The first draft is always the worst version of any story. The sooner you accept it, the easier it is to move forward with your work. So you misspell a few words so bad that even Word can't help you. That shouldn't stop you from going with the flow. Your dialogue will feel hammier than a "Star Wars" film, but you'll clean it up the second time around. You're not expected to create a masterpiece on the first go, so just enjoy the ride.

#4 Suffer for your Art

Writing can be hard. I've said it enough times already, but it's true. You have to be prepared to suffer for it. The reason my first book took four years to write was because I didn't commit to it. The reason I wrote 80,000 words in thirty days was because I committed myself to write at least 1,000 words a day. Now I average 3,000 daily. Is it painful to force 3,000 words to the page every day? Yes, but that's what you have to do to get the draft finished.

#3 Take your Time

Now I know this goes against what I just said, but it's important that you go at the pace you want to. I was happier writing 1,000 words a day, but I was eighteen then. At twenty-three, I'll never get everything done going at 1,000 words a day. Commit yourself to writing every day, even if its only 200 words. Writing is a marathon, not a sprint. You'll get to the finishing line quicker if you jog a steady pace rather than adopting a sprint and rest mentality.

#2 Don’t Sweat the Small Stuff

Yes, it's important to remember what colour your character's hair is, which one is taller, and what weapon they are carrying. Although with that said, it is important to keep going forward. In my editing, I go over everything with a fine comb, often with a character profile at my side. Don't get bogged down giving every little detail the first time around, you'll have time for that later. The hardest thing is getting it down the first time.

#1 Keep the Story Going at All Costs

This kind of goes without saying, but it is by far the most important step for me. You have to keep moving forward. It doesn't matter if you have to use the biggest Deus ex machina to get your plot going again, you can always edit it away in the re-draft. I use a technique called automatic writing, which means that I don't plan every detail of a chapter. I simply write it as I go. This allows me to give my characters natural reactions as events often come as a surprise to me too.

Obviously it is good to have a rough idea of what is meant to happen, but as long as you can get your characters from A to B, then you are half way there. The other half will be polishing it to the point you can see your reflection.

Good luck, and happy writing.

Cover Image Credit: https://commons.wikimedia.org/wiki/File:Writer%27s_Block_I.jpg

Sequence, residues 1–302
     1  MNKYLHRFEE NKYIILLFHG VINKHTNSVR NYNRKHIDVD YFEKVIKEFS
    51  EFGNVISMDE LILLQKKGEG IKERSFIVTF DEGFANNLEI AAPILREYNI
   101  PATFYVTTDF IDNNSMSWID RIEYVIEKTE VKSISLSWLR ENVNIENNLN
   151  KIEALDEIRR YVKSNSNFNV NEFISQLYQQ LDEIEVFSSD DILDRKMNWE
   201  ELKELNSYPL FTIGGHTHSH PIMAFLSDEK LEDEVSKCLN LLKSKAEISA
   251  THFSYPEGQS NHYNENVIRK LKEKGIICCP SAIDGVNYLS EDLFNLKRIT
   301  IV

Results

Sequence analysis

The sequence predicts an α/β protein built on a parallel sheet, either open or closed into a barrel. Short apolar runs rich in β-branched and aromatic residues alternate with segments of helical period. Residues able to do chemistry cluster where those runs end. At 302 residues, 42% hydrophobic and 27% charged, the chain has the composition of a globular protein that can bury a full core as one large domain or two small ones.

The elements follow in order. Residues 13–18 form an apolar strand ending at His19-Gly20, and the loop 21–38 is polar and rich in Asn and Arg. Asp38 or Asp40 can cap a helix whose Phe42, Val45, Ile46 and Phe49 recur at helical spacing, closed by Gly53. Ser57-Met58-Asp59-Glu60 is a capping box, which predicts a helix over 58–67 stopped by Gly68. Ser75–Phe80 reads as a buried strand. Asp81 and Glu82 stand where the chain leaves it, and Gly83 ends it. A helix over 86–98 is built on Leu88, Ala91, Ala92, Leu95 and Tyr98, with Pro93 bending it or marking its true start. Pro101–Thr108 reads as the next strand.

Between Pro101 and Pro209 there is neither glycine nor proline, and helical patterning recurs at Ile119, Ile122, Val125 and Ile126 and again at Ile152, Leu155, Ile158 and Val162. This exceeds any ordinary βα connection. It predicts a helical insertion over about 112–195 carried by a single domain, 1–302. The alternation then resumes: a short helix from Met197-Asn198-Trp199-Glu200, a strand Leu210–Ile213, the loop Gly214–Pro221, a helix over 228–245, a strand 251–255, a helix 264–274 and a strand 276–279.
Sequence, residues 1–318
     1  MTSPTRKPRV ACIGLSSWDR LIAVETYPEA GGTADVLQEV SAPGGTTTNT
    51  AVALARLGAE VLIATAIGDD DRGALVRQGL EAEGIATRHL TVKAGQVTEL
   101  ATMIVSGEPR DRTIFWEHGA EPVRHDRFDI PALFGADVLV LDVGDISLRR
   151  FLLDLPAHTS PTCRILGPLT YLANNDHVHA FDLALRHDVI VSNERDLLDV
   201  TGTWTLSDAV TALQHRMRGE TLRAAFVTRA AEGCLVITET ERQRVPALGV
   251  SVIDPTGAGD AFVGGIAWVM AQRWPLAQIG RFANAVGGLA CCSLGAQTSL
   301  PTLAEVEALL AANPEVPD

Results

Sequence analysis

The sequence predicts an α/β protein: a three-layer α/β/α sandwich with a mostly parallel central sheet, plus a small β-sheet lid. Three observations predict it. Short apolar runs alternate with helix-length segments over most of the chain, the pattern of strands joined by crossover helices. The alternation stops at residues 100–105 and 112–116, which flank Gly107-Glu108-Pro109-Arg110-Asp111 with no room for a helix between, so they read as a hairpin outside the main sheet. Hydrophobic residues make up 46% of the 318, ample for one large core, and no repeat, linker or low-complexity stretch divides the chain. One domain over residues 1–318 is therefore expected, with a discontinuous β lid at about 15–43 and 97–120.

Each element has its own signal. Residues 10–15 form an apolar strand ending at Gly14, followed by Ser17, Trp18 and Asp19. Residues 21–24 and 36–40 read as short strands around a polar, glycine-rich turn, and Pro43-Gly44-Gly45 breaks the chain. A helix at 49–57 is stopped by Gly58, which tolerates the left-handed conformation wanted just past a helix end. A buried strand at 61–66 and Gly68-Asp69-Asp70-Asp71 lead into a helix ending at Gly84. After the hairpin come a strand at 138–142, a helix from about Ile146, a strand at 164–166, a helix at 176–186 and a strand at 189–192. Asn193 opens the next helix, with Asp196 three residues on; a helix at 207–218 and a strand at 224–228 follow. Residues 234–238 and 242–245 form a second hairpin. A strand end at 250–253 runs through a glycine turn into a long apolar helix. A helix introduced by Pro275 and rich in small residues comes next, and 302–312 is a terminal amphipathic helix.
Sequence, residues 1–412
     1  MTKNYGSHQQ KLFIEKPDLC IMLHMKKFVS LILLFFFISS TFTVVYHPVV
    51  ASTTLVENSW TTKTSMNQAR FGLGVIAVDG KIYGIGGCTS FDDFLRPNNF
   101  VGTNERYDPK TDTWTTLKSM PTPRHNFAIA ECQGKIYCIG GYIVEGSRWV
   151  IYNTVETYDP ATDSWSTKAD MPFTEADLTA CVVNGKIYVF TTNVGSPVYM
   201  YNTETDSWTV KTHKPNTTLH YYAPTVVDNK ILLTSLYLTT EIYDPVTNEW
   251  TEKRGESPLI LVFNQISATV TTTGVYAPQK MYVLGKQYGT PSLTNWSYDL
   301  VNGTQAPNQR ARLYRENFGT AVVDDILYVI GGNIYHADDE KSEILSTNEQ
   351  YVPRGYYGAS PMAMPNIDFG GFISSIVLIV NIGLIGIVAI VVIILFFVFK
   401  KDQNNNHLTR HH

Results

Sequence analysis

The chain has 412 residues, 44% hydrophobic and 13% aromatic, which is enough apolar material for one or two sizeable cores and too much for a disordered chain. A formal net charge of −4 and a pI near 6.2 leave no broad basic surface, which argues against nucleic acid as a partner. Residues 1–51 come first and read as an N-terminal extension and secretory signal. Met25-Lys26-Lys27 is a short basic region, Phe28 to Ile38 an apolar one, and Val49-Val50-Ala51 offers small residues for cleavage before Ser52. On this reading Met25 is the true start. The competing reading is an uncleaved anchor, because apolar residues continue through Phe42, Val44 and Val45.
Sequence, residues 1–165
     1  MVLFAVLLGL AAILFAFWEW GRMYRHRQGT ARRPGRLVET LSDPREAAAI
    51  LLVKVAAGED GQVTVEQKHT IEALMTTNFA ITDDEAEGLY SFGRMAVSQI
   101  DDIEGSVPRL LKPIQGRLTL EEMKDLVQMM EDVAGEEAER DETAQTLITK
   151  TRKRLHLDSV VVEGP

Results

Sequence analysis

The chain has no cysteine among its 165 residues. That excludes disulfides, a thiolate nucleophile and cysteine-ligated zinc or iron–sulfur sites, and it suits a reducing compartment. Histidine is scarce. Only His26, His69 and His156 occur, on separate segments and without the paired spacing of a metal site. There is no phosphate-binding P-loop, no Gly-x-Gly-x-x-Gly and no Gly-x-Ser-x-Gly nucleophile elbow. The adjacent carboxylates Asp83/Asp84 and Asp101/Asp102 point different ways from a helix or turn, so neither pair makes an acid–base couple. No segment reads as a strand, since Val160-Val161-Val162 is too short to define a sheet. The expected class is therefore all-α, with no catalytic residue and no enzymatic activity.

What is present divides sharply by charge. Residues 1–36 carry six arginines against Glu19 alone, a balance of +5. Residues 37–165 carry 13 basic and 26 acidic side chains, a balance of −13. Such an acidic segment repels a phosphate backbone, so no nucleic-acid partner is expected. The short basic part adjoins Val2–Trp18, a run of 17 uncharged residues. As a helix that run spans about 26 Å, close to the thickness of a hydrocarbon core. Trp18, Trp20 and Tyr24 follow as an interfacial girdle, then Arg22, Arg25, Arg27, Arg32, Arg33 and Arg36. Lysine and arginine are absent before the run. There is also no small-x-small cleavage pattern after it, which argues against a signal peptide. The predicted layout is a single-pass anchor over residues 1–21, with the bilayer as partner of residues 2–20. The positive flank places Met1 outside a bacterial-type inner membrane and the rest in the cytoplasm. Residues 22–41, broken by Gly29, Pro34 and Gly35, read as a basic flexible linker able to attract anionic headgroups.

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4 Steps To Writing a Haiku

It's Fun I Promise

You've probably had to write a haiku for English sometime in your school career. You most likely found it boring, or difficult, or just plain stupid. I am going to try and show you a more fun way to write a haiku.

1. The Basics: What You Should Know

In case you don't know, a haiku is a Japanese poem that is only three lines long. It is usually taught that the syllables in each line should go 5-7-5. But really, as long as there are 17 syllables or less in the three lines, it's a haiku.

2. Write to Get a Reaction

When you write a haiku, you are aiming to get one of three reactions: Aaaahhh, aha!, or ha ha! For example...

Aaahhh: Laying in bed/dog next to me under blanket/my furry heater

Aha!: Life is too short to love people/who do not deserve/your whole heart

Ha ha!: I'm on the toilet/and my stomach drops/the roll is empty

3. Create an Image

In your writing, you want to create a new image in your readers mind with each line. Take my first haiku for example. I first talk about laying in bed. Then, I say there is a dog next to me under the blanket, so you picture a lump under the covers. In my last line, I call him a furry heater so you imagine a heater covered in fur. The image you create is more important than the syllables.

4. Performing

Lastly, you need to think about performing your haiku. As always, when you're speaking in front of a room of people, you need to project so the whole room can hear you and you need to make eye contact. Another thing to remember is the tone of your voice while you are saying your poem. Dramatic pauses can keep people on the edge of their seat, waiting for what you're going to say next. You also have to remember to be confident! And if you're not confident, fake it till you make it!

Cover Image Credit: Imgur